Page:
storm chaser

You just laughed, and lightning struck.

She trails destruction behind her--everywhere she goes, a terrible storm. Fire and lightning and wind. I follow her on the news: hundreds missing, presumed dead. Millions in property damage. A way of life uprooted, or not even uprooted--ripped from the earth by impossible winds. Survivors give interviews. Octogenarians who've lived here their whole lives say they've never seen such destruction. Now everything's gone. What can they do? What can anyone do against something so senseless?

I used to know what that felt like, but I was thunderstruck, electrified, blown away. And then the storm was gone and I was left reeling under a clear sky, lightning flickering on the horizon. And what was there to do but follow? I didn't even pack.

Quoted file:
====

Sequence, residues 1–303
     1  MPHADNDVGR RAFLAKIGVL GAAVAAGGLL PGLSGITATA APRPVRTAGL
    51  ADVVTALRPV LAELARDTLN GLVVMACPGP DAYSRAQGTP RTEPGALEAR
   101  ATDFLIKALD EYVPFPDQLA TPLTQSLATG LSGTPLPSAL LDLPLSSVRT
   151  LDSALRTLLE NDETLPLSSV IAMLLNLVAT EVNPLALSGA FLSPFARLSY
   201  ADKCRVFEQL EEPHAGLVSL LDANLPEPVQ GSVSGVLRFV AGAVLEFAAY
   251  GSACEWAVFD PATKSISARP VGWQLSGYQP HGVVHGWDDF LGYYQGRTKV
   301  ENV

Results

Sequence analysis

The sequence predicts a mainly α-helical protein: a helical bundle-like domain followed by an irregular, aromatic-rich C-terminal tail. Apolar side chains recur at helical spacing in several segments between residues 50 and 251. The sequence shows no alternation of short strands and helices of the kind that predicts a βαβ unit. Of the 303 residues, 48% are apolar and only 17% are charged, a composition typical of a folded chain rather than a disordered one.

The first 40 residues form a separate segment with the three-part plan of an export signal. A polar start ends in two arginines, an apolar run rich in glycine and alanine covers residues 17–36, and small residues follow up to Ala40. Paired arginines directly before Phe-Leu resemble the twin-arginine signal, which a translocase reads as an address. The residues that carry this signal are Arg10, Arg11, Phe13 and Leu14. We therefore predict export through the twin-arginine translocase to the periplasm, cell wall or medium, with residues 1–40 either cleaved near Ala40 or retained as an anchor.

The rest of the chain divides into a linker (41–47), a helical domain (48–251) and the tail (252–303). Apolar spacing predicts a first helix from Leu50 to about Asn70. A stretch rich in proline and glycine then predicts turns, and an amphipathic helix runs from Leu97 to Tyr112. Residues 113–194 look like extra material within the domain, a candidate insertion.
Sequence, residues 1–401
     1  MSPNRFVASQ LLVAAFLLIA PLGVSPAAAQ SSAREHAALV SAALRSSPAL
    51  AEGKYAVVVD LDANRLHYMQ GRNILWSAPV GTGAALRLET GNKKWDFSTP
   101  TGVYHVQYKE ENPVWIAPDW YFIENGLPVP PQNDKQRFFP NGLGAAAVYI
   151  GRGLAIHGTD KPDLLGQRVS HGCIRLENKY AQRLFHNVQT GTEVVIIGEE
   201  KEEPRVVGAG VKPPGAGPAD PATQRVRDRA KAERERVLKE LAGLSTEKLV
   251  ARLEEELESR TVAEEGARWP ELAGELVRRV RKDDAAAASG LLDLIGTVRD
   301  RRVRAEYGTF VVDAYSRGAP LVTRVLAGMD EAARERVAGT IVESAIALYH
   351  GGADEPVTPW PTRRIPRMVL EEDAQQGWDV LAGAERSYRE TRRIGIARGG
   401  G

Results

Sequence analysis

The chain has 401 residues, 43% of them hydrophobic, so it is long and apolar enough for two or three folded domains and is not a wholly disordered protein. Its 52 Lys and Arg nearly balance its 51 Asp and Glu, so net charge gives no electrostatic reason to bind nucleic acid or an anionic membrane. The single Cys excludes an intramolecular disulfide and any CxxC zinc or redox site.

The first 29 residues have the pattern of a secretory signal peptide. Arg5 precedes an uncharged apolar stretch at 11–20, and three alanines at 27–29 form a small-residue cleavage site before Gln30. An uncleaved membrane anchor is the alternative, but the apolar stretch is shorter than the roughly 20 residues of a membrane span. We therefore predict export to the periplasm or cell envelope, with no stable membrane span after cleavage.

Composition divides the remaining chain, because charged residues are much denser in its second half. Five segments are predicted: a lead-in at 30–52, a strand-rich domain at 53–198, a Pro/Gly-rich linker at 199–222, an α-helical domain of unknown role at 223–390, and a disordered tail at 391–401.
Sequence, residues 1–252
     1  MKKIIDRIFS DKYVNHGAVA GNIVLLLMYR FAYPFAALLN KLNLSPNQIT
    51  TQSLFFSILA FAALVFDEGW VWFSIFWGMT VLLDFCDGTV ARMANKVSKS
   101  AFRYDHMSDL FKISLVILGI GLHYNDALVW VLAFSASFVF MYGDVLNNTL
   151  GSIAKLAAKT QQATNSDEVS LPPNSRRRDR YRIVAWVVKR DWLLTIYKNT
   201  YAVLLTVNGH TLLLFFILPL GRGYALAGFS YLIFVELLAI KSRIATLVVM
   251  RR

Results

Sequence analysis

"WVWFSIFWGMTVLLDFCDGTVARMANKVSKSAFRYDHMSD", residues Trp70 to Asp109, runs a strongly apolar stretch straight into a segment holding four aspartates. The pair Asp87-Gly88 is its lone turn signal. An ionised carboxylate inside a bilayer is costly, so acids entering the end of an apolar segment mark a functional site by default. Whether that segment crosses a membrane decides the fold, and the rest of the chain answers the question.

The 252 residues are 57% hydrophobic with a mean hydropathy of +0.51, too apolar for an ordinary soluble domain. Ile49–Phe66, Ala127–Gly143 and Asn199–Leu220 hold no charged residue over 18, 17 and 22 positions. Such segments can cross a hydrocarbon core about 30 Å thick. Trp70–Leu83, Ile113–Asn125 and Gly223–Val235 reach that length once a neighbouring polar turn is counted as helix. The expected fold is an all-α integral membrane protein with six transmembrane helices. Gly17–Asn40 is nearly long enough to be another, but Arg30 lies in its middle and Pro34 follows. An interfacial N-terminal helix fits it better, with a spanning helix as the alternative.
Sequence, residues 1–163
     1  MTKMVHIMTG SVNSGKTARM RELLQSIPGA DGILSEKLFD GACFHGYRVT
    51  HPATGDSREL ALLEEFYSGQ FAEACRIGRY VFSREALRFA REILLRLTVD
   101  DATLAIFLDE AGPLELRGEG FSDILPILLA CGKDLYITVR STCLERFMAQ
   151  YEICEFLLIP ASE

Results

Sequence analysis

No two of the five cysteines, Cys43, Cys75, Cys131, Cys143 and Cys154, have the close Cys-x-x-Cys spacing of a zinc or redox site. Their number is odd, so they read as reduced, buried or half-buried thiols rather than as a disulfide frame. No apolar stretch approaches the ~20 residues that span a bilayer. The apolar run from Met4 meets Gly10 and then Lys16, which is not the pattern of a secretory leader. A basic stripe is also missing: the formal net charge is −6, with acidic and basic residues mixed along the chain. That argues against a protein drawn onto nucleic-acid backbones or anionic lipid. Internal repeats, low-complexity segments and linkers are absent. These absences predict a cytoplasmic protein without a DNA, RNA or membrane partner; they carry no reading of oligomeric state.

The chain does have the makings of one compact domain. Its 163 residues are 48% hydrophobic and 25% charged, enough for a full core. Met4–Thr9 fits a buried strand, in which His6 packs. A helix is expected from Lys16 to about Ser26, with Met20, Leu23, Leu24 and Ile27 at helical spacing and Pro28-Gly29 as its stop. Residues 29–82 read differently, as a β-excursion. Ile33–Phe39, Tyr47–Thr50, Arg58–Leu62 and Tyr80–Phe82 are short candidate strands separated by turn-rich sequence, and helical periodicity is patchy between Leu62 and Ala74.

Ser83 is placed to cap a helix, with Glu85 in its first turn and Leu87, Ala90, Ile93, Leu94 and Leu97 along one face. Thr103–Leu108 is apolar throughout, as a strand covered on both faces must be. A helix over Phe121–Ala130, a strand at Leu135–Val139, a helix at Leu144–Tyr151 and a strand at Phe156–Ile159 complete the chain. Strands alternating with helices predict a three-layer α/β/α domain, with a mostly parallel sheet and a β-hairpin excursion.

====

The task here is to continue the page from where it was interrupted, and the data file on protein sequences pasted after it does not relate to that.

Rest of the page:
She led me through storm-wracked lands, ancient trees torn down and strewn across the road, or split in two by terrible lightning, but I could only see the distant flickering light. But I was getting closer. I could hear the distant rumble of thunder, feel the howl of her gale. And the radio buzzes about the latest devastation, the forecaster saying where it will hit next, and then I realize it: tonight's the night.

I drive until she is all around me, and I can't hear for the blinding rain and the deafening thunder. And through the constant lightning I can see a massive funnel touching the ground, and even the rain is drowned out by that perfect roar. The sky turns green and she pelts me with hail, and I know it's headed right for me.

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